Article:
Khwaja Wali Kirani in Balochistan. Wikimedia Commons

“The United States has foolishly given Pakistan more than 33 billion dollars in aid over the last 15 years, and they have given us nothing but lies & deceit, thinking of our leaders as fools. They give safe haven to the terrorists we hunt in Afghanistan, with little help. No more!,” President Trump first tweet of 2018 reads.

The tweet was loved by nearly quarter-million Americans and retweeted 83,000 times in less than 24 hours.

The AFB executive committee said the US remains Pakistan’s top foreign aid donor, in addition to the money paid in expectation of cooperation in the Global War on Terror. Yet, for many years now, serving officers in the US Armed Forces have repeatedly spoken out about Pakistan’s perfidy in Afghanistan, which has cost the US lives, money and strategic credibility in the world’s eyes. Pakistan also remains a training ground for terrorism and a prime proliferator of nuclear weapons technology.

No country’s development and democracy have suffered more from Pakistan’s interference via state-sponsored terrorism than Afghanistan. US efforts to help the Afghans rebuild their nation are constantly sabotaged by reeling instability. India is another well-known target.

The AFB said Balochistan is a region rich in natural gas. It that has seen several bloody cycles of insurgency ever since Pakistan forcibly annexed the autonomous Baloch state of Kalat in 1948 in violation of a Standstill Agreement. A portion of historical Balochistan also sits on the other side of Pakistan’s border with Iran. Further, it borders Afghanistan to the north-west. Pakistan’s brutal record in this strategically located province that forms the northern lip of the key Straits of Hormuz has spiked in recent years.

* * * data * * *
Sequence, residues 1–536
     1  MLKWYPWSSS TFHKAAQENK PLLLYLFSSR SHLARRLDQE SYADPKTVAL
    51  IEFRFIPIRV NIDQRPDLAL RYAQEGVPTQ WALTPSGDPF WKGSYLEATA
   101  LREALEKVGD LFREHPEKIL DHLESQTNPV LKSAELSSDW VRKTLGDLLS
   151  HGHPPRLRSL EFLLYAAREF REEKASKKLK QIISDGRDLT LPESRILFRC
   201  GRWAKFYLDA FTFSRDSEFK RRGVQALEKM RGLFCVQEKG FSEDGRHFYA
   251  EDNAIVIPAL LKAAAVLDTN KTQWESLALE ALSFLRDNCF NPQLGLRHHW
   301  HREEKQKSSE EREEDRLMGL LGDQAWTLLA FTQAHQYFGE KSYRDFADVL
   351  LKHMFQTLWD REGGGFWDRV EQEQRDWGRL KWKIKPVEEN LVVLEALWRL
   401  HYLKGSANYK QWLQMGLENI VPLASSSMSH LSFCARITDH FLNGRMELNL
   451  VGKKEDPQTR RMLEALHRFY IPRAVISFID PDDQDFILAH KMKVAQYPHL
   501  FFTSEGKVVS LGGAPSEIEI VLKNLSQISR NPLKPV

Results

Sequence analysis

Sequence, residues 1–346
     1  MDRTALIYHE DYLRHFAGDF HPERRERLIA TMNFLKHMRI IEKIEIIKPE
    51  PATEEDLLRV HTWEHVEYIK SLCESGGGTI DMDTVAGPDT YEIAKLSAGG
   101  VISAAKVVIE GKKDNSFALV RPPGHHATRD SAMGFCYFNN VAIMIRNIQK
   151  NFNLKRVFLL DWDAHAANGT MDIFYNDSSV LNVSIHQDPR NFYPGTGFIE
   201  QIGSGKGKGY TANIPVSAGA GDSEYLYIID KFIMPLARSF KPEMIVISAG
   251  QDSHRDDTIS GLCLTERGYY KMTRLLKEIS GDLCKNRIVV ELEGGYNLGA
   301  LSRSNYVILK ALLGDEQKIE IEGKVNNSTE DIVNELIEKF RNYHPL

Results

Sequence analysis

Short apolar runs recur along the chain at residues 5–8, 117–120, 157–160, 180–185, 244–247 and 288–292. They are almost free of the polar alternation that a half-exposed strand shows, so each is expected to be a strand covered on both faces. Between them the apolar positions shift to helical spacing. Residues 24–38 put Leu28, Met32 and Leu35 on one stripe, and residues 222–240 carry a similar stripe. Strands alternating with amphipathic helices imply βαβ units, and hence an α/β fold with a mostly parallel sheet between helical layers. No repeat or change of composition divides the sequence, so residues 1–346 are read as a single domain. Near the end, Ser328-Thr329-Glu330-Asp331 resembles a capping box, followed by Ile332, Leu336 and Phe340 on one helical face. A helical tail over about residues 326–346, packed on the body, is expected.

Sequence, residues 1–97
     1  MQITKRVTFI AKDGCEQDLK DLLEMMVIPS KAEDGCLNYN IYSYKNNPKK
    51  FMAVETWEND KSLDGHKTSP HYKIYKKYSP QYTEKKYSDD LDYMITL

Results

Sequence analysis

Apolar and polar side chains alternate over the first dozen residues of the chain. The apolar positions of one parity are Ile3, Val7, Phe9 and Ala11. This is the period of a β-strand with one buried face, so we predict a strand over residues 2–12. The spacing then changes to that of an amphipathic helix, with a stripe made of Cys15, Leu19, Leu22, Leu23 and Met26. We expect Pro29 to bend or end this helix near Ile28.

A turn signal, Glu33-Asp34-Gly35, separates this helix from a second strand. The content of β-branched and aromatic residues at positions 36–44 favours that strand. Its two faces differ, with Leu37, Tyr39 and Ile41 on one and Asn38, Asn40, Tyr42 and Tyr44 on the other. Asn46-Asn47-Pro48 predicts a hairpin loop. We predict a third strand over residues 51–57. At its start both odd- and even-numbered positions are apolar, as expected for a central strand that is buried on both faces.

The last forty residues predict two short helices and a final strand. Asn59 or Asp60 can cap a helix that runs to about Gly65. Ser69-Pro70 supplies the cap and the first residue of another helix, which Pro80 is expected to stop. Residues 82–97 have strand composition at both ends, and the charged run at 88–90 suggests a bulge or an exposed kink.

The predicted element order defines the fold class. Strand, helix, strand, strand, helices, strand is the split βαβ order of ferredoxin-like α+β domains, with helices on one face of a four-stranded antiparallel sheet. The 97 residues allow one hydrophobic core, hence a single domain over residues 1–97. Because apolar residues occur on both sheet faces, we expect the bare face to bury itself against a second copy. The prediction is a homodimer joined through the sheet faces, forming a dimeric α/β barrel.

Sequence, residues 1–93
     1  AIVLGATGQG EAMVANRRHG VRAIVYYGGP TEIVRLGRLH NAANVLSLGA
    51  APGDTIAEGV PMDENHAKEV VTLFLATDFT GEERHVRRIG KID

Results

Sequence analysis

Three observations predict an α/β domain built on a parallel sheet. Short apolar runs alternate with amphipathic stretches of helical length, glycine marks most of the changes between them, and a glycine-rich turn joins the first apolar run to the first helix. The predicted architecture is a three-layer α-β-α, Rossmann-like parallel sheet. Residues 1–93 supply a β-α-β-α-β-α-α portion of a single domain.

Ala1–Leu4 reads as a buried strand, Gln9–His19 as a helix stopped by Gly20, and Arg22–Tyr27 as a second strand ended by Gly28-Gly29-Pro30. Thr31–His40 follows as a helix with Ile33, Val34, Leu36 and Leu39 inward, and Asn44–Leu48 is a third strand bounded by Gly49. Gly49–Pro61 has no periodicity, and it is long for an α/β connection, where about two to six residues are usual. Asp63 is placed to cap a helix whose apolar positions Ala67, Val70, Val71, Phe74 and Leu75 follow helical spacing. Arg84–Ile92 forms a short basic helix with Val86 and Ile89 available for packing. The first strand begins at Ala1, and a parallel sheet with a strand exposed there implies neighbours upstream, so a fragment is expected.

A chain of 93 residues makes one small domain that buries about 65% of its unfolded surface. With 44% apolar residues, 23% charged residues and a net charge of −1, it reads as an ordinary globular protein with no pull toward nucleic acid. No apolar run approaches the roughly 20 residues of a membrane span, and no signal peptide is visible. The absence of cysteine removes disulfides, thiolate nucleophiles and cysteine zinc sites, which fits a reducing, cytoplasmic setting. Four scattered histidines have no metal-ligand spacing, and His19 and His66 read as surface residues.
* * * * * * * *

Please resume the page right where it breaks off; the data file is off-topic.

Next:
“People of Balochistan tried their very best to work with Pakistan’s false promises of integration after forceful accession, but instead gave genocide to Balochs,” said the statement.

The AFB monitors the situation in Balochistan closely and is in touch with freedom and democracy activists on the ground. The AFB reiterated their call to the Pakistani government to cease violating the physical security of Baloch people, their freedom of expression, and end the policy of economic exploitation and genocidal violence.

A slow-motion genocide in Balochistan has claimed the lives of 35,000 Baloch people, 6,000 of whom were buried in mass graves while 21,000 are Victims of Enforced Disappearances, according to the Voice for Baloch Missing Persons. “The enforced disappearances situation in Balochistan is no different than what it used to be in Chile and Argentine in the 1970s and 1980s,” the AFB executive committee noted.

The AFB executive committee chimed in with similar sentiments expressed by policy experts in academe, veteran politicians, diplomats, intelligence chiefs, and human rights activists. Among them were former Afghan President Hamid Karzai, leading South Asia expert and former Pakistani ambassador Hussain Haqqani, several Baloch freedom and human rights activists cutting across party lines, former head of Afghanistan’s Directorate of Security Amrullah Saleh, and even normally fierce critics of President Trump’s administration such as Prof. Christine Fair, Provost’s Distinguished Associate Professor Georgetown University’s Edmund A. Walsh School of Foreign Service.

The AFB executive committee consists of Jane Eastwood Weisner, Najeeb Khan, Krishna Gudipati, Soumya Chowdhury and Habiba Ashna. The organization was founded by veteran Baloch journalist Ahmar Mustikhan, who is the president.

Hope and doubt have been expressed on whether the US president’s tweet and words will translate into actionable legislation. Mustikhan published a survey of some of these thoughts in an article titled “Wave of joy sweeps across Afghanistan, Balochistan & India over Trump’s first tweet of 2018”.